Photo by Jon Flobrant on Unsplash

December 2023 letter

Dear Friends

The Christmas Bible Readings at the Carol Service this year will have extra resonance because of the disturbing events in Israel and Gaza in recent times. The same land that has witnessed such brutality and death this year, that same land saw the birth of the Prince of Peace and the giver of eternal life two thousand years ago.

It is worth pausing to receive the help of the Bible and the Christmas story in understanding the long history of the land at the crossroads of Asia, Africa and Europe. It will help us to be aware of the complexities often ignored by the political rhetoric, and of the fuller list of peoples who have claimed ownership of this land over the centuries.

Palestine is named after the Philistines, a seafaring people from the Aegean Sea, who settled on the coast at the same time (c.1150BC) that the Israelites were beginning to dominate the inland areas of Canaan. The Philistines, who urged Delilah to cut the hair and capture the famous Israelite leader Samson, took him as a hostage to their capital Gaza. But the present-day self-proclaimed Palestinians in Gaza are not descendents of the Philistines. The present-day Palestinians of the West Bank and Gaza are of mainly Arab descent, introduced after the Muslim Arab armies conquered Jerusalem in c.638AD.

The Old Testament people of Israel were the dominant group of inhabitants from 1150BC to 70AD, through the time of invasions from Assyria (c.720BC) and Babylon (c.590BC) and the occupations by the Greek Empire (following Alexander the Great) and the Roman Empire (who sacked Jerusalem c.AD70). So it was that Galilee (where Jesus’ family settled and he began his gospel ministry) and Judea (where Jesus was born and met his death) were part of the Roman Province which became known as Syrian Palestine.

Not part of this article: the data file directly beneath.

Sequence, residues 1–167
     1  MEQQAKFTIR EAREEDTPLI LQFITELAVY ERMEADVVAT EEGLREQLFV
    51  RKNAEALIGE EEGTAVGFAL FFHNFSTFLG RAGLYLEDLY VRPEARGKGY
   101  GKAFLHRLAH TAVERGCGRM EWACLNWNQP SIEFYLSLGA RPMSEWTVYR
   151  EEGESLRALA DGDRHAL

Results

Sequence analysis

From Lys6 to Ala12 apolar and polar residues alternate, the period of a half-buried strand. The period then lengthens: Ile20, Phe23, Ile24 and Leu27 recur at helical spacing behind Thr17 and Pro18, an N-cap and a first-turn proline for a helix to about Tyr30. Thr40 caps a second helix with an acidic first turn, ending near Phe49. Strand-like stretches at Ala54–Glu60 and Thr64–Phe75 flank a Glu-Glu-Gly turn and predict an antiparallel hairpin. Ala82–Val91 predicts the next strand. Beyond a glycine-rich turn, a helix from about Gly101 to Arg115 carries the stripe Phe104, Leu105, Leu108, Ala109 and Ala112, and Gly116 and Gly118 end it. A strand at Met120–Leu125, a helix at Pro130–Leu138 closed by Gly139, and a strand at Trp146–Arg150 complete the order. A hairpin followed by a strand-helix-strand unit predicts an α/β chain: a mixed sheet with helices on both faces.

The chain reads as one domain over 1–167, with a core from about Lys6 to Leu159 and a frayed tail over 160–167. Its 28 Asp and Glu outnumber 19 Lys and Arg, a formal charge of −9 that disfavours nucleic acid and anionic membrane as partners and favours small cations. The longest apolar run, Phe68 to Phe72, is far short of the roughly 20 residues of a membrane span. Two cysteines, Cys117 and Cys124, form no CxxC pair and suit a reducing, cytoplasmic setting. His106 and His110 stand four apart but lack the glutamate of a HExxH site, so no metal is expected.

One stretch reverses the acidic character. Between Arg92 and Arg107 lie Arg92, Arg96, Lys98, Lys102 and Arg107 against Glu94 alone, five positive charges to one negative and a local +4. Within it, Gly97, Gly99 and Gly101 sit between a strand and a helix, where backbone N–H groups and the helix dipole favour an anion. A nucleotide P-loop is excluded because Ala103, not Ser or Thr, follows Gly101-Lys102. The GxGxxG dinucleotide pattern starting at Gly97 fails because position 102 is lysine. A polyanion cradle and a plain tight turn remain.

The old city of Jerusalem in Israel today has four quarters: Jewish, Muslim, Christian and Armenian. Palestinian Jews and Christians co-existed in the Holy Land under the Romans and then the Byzantines. Palestinian Jews and Christians continued to live in Jerusalem after the Muslim invasion. Palestinian Jews and Christians and Muslims continue to live in the new state of Israel (est.1948), fellow citizens in a functioning democracy.

The Holy Land has been conquered and reconquered many times through human history. We should be full of sorrow, but not shocked, that the battles continue in our own age. And let’s not be naïve. If a ceasefire was agreed in Gaza, experience tells us it wouldn’t last long. Palestinian Arab leaders rejected all of the Peace Agreements proposed in the second half of the 20th Century.

We should work for peace, but we should not expect peace in our time. Tyranny is on the increase in many places in our world.

The only peace we can seek confidently is that peace (which passes all understanding) which comes from knowing Jesus and following him.

Jesus left the throne of heaven to be born in a land which was tyrannised by a ruthless army. The boy babies and young children in Jesus’ town were all murdered. His cousin, and fellow preacher, John the Baptist was beheaded on the orders of the local tyrant. Jesus himself was executed by the Roman authority. And many Christians met similar cruelty in the decades which followed.

Nothing is new. Solutions are not simple. Violence and revolution only add more layers to the mess.

The eyes of the world media are on the Holy Land now. But who was looking when the Son of God came to live on this earth?

Surely that is where we should be looking: to Jesus, the one who was not afraid to make his earthly home in a place of perpetual conflict, so that others might see his uniqueness, turn to him, and share his heavenly home.

Happy Christmas and a good New Year to you,

Rob